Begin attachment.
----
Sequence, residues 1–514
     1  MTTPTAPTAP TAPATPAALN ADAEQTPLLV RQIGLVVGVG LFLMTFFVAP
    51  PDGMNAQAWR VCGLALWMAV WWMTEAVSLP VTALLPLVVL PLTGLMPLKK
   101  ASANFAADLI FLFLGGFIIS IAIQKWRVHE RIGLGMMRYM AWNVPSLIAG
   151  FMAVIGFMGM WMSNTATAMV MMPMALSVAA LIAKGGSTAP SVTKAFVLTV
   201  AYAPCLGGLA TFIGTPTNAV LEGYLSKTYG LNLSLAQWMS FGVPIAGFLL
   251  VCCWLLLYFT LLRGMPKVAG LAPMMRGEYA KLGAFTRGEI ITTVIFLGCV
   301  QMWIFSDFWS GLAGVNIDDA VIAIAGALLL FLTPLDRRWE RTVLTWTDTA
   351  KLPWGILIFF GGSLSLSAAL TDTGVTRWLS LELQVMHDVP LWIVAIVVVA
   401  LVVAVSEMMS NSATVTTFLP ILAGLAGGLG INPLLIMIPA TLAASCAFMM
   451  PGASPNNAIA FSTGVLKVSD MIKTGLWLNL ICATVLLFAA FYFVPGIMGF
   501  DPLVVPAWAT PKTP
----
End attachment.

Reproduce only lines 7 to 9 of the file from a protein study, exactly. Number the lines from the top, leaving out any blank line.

   251  VCCWLLLYFT LLRGMPKVAG LAPMMRGEYA KLGAFTRGEI ITTVIFLGCV
   301  QMWIFSDFWS GLAGVNIDDA VIAIAGALLL FLTPLDRRWE RTVLTWTDTA
   351  KLPWGILIFF GGSLSLSAAL TDTGVTRWLS LELQVMHDVP LWIVAIVVVA